Charter school groups and state lawmakers are complaining about how the Michigan Department of Education plans to count students enrolling in cyber schools.
All Michigan schools must provide a minimum of 1,098 hours of instruction throughout the school year, under Section 101 of the State School Aid Act.
A Department spokesman says cyber schools have two additional requirements regarding the amount of instructional time and type of enrollments that they may accept. The spokesman says, according to the law, an online school can’t enroll a student if there are less than eleven hundred hours left in the school year. If it does, the online school won’t receive state funding.
Dan Quisenberry is the president of the Michigan Charter School Association. He says the new rule would discourage online schools from accepting new students once the school year begins.
“The impact is about kids. It will discourage schools from accepting students” says Quisenberry.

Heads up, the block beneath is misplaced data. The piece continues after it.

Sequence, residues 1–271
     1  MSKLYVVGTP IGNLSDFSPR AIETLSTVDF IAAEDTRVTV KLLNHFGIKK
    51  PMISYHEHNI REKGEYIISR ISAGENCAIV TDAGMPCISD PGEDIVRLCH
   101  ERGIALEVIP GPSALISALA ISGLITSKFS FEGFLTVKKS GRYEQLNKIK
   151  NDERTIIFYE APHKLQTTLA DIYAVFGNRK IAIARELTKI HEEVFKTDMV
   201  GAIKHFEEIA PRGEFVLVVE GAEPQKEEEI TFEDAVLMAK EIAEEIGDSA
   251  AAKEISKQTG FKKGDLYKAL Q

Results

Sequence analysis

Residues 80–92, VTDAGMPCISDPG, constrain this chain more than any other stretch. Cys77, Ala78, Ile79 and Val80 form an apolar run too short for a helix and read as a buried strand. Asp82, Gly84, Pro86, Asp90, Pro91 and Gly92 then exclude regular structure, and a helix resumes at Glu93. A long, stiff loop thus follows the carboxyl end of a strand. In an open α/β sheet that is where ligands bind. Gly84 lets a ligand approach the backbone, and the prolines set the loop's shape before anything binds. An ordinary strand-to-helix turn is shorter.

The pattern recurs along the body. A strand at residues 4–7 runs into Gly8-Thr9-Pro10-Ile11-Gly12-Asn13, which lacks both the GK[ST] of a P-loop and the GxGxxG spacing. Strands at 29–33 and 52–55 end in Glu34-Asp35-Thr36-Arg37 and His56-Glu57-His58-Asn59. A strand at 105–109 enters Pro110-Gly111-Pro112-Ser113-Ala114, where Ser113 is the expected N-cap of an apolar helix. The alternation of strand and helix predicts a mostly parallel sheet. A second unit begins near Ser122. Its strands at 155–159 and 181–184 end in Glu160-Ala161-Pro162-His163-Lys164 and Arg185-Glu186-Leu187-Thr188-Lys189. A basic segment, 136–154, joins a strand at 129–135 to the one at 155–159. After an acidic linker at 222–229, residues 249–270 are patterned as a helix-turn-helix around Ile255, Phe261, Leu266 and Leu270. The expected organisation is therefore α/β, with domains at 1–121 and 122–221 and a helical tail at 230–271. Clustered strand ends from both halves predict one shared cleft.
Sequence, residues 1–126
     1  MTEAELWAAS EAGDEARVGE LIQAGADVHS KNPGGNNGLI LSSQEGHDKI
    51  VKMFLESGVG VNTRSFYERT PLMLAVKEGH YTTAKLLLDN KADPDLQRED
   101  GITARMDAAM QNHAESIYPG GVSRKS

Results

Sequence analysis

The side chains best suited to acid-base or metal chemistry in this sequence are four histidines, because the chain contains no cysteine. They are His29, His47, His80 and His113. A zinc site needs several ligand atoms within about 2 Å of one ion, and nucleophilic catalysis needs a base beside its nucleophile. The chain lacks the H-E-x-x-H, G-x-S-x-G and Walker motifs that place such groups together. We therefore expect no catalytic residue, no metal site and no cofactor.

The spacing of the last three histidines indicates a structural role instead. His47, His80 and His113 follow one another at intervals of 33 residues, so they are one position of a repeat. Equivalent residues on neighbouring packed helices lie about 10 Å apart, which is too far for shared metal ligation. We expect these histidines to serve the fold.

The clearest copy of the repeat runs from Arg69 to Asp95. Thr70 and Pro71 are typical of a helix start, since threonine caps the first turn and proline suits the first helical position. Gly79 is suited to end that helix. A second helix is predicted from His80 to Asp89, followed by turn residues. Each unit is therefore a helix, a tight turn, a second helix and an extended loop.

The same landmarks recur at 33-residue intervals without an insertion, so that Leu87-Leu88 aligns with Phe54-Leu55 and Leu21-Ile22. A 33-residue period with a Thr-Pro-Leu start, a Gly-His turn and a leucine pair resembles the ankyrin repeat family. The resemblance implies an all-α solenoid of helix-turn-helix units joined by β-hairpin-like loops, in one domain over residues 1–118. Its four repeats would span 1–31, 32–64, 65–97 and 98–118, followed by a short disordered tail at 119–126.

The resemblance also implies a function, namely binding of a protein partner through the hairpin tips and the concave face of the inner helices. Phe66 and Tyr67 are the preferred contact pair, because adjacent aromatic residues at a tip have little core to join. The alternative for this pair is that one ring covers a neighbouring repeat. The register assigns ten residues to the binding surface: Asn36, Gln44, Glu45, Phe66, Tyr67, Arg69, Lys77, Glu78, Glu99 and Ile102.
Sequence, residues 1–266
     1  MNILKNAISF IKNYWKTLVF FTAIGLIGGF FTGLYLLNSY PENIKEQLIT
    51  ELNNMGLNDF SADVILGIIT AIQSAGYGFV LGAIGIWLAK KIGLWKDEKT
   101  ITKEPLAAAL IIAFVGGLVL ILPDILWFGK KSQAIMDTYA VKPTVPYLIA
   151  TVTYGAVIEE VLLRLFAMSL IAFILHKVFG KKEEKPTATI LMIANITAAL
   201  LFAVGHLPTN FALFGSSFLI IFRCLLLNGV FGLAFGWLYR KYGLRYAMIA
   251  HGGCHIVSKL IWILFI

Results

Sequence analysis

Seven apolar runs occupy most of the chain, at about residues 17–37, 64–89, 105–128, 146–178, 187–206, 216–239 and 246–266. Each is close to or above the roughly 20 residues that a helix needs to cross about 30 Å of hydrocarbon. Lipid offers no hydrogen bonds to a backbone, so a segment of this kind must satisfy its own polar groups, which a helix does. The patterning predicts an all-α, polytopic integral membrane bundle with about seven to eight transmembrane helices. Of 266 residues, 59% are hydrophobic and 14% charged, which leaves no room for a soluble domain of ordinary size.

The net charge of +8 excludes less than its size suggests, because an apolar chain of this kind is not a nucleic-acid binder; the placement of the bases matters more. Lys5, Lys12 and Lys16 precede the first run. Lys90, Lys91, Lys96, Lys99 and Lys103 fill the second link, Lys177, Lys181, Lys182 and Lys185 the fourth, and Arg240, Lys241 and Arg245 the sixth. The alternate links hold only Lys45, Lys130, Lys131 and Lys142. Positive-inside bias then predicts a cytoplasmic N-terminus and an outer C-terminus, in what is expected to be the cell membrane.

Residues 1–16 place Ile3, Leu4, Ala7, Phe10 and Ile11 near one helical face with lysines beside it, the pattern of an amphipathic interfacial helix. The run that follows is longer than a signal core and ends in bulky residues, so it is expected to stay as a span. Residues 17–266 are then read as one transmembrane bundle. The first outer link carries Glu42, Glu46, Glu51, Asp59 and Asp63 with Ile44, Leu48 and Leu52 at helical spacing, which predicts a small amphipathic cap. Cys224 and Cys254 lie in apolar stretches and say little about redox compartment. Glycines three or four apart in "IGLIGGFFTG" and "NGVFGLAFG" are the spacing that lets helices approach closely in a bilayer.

Lawmakers who head the House and Senate education committees are calling on the department to change the rule.
Senate Education Committee Chairman Phil Pavlov believes the Education department is going against the intent of the law.
“I’m concerned the department is taking a unilateral, harmful approach to how we count student population,” says Pavlov, “And the end result is keeping kids out of choice when it comes to enrolling in cyber schools.”
Pavlov and House Education Reform Committee Chairman Tim Kelly sent a letter to the interim state superintendent asking her to change the rule.